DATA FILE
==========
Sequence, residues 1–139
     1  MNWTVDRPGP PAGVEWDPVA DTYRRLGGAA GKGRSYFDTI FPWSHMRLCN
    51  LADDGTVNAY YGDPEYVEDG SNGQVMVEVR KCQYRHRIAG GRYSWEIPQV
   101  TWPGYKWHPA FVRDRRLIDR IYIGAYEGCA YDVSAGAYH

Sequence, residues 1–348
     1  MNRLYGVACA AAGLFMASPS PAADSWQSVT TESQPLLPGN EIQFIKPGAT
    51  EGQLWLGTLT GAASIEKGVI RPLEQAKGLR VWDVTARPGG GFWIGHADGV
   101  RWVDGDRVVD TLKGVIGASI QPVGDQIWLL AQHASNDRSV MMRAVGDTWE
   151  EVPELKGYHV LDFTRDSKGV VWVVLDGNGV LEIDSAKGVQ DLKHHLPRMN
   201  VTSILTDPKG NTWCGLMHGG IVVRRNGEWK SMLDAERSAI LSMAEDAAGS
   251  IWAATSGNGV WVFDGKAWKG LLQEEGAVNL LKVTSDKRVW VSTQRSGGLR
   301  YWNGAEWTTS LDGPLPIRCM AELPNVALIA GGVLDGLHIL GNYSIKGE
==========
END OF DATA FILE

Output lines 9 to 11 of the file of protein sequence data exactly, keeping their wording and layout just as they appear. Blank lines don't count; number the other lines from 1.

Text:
   151  EVPELKGYHV LDFTRDSKGV VWVVLDGNGV LEIDSAKGVQ DLKHHLPRMN
   201  VTSILTDPKG NTWCGLMHGG IVVRRNGEWK SMLDAERSAI LSMAEDAAGS
   251  IWAATSGNGV WVFDGKAWKG LLQEEGAVNL LKVTSDKRVW VSTQRSGGLR